Garry Kasparov, who is one of the top chess players ever, said that his 1999 match against Veselin Topalov was the greatest game of chess he ever played. In this video, MatoJelic goes through the game, move by move. Even if you only have a passing interest in chess, I’d recommend watching…it gets really interesting after the first 10-12 moves (which are presented without explanation) and listening to someone who is passionate about a topic is often worth it.
Also entertaining and informative was his explanation of The Game of the Century, which pitted a 13-year-old Bobby Fischer against Donald Byrne, a top-ranked American player. (via farnam street)
You never expect too much from the first few questions of an interview, but this interview of chess world #1 Magnus Carlsen is good right out of the gate.
SPIEGEL: Mr Carlsen, what is your IQ?
Carlsen: I have no idea. I wouldn’t want to know it anyway. It might turn out to be a nasty surprise.
SPIEGEL: Why? You are 19 years old and ranked the number one chess player in the world. You must be incredibly clever.
Carlsen: And that’s precisely what would be terrible. Of course it is important for a chess player to be able to concentrate well, but being too intelligent can also be a burden. It can get in your way. I am convinced that the reason the Englishman John Nunn never became world champion is that he is too clever for that.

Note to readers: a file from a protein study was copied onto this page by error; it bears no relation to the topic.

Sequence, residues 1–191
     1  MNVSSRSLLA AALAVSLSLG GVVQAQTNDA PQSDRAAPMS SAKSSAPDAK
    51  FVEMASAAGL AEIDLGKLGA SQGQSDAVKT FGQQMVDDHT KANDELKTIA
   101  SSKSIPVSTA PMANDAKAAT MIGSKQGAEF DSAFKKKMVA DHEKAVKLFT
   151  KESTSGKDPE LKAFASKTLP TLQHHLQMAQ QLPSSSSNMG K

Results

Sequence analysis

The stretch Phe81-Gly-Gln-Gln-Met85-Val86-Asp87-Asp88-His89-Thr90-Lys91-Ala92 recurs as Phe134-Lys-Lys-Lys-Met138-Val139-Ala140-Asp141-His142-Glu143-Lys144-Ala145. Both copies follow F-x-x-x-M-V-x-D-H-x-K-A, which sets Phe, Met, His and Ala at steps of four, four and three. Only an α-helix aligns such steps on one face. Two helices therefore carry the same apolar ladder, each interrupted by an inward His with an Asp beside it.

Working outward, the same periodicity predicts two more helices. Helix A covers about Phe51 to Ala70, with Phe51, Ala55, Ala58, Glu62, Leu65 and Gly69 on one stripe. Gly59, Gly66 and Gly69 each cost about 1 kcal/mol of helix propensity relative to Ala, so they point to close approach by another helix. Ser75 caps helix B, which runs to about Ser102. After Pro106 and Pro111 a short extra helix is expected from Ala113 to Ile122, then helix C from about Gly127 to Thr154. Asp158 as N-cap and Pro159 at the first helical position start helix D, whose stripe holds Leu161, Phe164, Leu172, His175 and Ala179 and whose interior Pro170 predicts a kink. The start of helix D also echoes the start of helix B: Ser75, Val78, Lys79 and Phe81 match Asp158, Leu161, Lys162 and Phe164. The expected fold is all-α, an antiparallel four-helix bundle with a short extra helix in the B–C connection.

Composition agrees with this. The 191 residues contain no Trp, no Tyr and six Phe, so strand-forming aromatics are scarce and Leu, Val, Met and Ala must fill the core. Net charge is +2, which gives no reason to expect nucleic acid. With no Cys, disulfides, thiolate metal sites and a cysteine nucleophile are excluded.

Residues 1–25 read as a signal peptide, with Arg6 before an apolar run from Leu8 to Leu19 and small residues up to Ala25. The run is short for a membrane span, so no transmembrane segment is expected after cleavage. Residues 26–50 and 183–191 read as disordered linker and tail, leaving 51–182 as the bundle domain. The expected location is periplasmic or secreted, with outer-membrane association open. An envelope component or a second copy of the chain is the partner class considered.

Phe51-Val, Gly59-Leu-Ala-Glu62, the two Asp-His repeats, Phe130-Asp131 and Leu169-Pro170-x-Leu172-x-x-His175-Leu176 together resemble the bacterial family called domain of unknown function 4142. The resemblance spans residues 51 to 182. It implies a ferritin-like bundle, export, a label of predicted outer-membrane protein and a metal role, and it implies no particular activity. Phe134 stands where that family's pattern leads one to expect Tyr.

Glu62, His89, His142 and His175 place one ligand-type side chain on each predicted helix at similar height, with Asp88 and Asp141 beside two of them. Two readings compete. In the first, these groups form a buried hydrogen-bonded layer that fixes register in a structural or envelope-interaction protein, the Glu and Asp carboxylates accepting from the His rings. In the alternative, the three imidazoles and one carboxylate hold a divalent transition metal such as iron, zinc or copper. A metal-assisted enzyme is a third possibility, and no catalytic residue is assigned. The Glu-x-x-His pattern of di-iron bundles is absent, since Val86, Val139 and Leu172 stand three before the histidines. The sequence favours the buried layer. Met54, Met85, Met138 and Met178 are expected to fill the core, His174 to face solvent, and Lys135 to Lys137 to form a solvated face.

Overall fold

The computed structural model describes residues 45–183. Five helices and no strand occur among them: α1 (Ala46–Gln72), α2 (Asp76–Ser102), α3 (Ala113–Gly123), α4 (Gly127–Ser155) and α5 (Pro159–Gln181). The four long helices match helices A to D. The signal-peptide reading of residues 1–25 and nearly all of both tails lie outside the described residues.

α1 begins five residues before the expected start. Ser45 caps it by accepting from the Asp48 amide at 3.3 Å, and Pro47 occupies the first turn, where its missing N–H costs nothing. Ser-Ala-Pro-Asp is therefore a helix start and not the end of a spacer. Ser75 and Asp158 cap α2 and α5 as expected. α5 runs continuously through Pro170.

SPIEGEL: How that?
Carlsen: At the age of 15, Nunn started studying mathematics in Oxford; he was the youngest student in the last 500 years, and at 23 he did a PhD in algebraic topology. He has so incredibly much in his head. Simply too much. His enormous powers of understanding and his constant thirst for knowledge distracted him from chess.
SPIEGEL: Things are different in your case?
Carlsen: Right. I am a totally normal guy. My father is considerably more intelligent than I am.
His comparison of his abilities with Garry Kasparov’s later in the interview is interesting as well.
Garry Kasparov discusses the very interesting history and evolution of machines playing against humans in chess.
The heavy use of computer analysis has pushed the game itself in new directions. The machine doesn’t care about style or patterns or hundreds of years of established theory. It counts up the values of the chess pieces, analyzes a few billion moves, and counts them up again. (A computer translates each piece and each positional factor into a value in order to reduce the game to numbers it can crunch.) It is entirely free of prejudice and doctrine and this has contributed to the development of players who are almost as free of dogma as the machines with which they train. Increasingly, a move isn’t good or bad because it looks that way or because it hasn’t been done that way before. It’s simply good if it works and bad if it doesn’t. Although we still require a strong measure of intuition and logic to play well, humans today are starting to play more like computers.
The section about people using computers *during* matches is particularly interesting.